Lilly’s Weekly Insulin Shows Promise for Type 2 Diabetes Patients in Study Led by Los Angeles’ National Research Institute

Lilly’s Weekly Insulin Shows Promise for Type 2 Diabetes Patients in Study Led by Los Angeles’ National Research Institute

Juan Frias, MD, a medical director with the National Research Institute based in Los Angeles, California will present at the Endocrine Society’s annual meeting known as ENDO 2021 that a new once-weekly basal insulin injection demonstrates similar efficacy and safety, as well as lower rate of low blood sugar episodes, as compared with a daily basal insulin injection. This recent study compared an investigational drug called basal insulin Fc (BIF) with insulin degludec, a commercially available long-lasting daily insulin, in patients with type 2 diabetes (T2D). Dr. Frias reports that “These study results demonstrate that BIF has promise as once-weekly basal insulin and could be an advancement in insulin therapy.” Sponsored by Eli Lilly and Company, the 32-week clinical trial involved 399 patients, all with T2D and previous users of basal insulin combined with oral antidiabetic medications. These results evidence possible advancement for this patient community. A reduced number of injections (weekly instead of daily) could improve adherence to insulin therapy, which may lead to improved patient health outcomes. This marked improvement in patient experience could boost the willingness of T2D patients to start insulin therapy when oral medication no longer supports blood glucose control.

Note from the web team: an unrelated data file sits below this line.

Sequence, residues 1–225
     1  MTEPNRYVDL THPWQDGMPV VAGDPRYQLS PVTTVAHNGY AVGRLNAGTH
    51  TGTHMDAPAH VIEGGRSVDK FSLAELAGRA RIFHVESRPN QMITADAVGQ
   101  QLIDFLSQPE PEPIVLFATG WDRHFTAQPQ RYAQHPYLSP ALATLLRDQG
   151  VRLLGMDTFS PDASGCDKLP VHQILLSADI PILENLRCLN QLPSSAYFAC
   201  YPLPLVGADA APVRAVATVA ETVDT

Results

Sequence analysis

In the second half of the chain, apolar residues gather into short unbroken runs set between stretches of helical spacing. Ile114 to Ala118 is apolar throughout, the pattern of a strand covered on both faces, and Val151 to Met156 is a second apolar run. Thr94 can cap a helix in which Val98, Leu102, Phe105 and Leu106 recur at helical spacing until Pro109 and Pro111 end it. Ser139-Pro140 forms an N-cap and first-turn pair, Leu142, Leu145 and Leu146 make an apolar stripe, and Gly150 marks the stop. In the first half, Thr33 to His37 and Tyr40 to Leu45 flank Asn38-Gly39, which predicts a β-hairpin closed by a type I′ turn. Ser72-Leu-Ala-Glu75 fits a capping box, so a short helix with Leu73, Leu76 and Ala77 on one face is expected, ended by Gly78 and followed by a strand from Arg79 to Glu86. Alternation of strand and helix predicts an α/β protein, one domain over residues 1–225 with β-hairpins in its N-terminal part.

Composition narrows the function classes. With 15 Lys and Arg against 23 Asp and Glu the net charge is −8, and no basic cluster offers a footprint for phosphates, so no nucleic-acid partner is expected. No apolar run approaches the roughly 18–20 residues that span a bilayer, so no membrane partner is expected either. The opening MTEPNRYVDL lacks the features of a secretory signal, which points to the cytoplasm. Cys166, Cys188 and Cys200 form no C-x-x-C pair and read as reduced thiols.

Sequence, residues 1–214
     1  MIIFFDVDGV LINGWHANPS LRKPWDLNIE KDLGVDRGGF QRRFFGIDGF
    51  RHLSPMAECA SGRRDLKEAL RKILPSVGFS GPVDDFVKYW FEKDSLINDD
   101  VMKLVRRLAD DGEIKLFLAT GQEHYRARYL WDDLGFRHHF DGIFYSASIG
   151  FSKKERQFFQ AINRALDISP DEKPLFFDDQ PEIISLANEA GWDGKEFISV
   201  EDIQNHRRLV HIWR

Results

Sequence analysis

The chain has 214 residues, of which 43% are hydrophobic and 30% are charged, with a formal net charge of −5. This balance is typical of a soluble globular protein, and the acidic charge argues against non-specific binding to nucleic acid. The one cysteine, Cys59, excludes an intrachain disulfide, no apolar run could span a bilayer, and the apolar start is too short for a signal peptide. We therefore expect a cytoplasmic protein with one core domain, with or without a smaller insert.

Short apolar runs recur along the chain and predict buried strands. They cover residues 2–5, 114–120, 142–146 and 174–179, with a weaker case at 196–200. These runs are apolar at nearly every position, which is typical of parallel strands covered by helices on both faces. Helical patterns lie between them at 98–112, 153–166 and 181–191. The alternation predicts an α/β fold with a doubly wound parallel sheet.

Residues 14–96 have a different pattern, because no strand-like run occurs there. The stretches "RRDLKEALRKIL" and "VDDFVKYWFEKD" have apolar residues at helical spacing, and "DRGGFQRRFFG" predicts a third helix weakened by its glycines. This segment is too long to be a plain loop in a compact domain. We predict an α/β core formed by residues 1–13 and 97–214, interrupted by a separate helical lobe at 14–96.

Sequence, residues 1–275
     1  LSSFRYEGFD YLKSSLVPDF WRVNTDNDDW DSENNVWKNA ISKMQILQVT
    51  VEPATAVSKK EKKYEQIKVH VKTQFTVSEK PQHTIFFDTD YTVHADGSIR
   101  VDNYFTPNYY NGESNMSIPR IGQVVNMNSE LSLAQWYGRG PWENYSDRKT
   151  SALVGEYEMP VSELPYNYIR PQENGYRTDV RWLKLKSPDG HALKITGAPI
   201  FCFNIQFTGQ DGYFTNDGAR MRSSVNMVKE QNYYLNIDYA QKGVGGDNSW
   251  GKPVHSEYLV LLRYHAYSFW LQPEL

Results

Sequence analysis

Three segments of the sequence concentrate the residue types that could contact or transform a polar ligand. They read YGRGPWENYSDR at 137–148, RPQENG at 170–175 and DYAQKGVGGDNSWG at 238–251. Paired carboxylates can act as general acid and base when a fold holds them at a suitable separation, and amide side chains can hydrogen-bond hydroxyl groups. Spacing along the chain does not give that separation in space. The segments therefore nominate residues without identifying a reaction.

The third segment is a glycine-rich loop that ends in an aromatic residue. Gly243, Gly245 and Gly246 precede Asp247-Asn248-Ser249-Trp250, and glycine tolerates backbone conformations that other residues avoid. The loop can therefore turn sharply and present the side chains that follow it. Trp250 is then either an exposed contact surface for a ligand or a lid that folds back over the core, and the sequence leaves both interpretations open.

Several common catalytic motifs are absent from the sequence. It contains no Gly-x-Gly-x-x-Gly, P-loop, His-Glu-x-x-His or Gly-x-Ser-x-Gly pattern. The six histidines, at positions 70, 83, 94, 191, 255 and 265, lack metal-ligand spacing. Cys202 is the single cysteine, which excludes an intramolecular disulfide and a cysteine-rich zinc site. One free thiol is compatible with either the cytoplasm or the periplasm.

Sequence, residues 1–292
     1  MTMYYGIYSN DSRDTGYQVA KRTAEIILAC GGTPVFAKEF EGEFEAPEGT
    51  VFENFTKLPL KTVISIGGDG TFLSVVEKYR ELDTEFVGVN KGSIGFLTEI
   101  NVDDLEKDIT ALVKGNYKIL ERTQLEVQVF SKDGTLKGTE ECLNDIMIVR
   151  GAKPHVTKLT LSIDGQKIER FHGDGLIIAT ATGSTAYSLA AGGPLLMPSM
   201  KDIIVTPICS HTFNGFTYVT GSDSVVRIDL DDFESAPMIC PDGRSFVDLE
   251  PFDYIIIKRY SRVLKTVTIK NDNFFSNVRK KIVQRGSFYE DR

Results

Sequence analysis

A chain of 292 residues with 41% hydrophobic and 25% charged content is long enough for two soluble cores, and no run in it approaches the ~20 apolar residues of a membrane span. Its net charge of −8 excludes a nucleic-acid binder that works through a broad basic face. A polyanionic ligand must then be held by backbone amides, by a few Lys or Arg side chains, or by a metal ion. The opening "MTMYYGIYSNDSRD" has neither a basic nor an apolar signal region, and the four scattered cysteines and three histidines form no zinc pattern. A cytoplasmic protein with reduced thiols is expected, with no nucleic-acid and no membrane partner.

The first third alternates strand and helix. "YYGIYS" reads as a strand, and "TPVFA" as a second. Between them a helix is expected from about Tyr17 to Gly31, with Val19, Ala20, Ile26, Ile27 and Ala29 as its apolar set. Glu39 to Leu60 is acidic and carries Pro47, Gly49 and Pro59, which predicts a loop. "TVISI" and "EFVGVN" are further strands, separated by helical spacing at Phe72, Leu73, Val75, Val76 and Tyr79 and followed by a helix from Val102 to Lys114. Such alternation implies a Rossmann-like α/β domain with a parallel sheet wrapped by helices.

Competitive Space Basal Market

The market for global human insulin is controlled essentially by three multinational pharmaceutical companies, including Novo Nordisk A/S (Denmark), Eli Lilly and Company (USA,) and Sanofi (France). Jointly, they control 96% of the market, making this essentially an oligopoly. Novo Nordisk alone controls nearly half of the market for all insulin products on the market worldwide. Note that TrialSite has reported on the implications of this kind of market power. In 2019, after tremendous public pressure, the trio started dropping prices. With oligopolies or situations where a few company exert such market power the typical competition and price correlation in standard economics doesn’t necessarily play out in the very real world of drug pricing. The insulin market has been a real world laboratory showcasing how companies can actually bid up the price despite market pleads for lower prices. Ultimately, political pressure must be asserted if all else fails.

Note that both Lilly and Novo Nordisk are pursuing once-weekly long-acting insulin in their respective pipelines. Of course, Lilly’s investigational product is showcased herein while the global powerhouse from Bagsværrd wrapped up a study (NCT03751657) with their investigational product called LAI287 (Insulin 287) and entered Phase 3 trials per their pipeline

One challenge patients face is the fact that there are currently no oral insulins on the market. Novo Nordisk at one point introduced an investigational long-acting oral insulin known as I338 but withdrew the effort as doses were too high and production levels necessary made the overall program not commercially viable as reported recently in Healio Endocrinology.

Oramed Pharmaceuticals pursues an oral insulin known as ORMD-0801 for treating T2D patients: this investigational product is now in Phase 3 clinical trials. In fact, the Israel- and New York City-based biotech recently reported that their clinical trial randomized 25% of 675 patients planned for its Phase 3 ORA-D-013-1 study of its oral insulin capsule ORMD-0801 for the treatment of T2D. This is one of two concurrent Phase 3 clinical trials authorized by the U.S. Food and Drug Administration (FDA) to treat T2D patients who have inadequate glycemic control over a period of 6 to 12 months.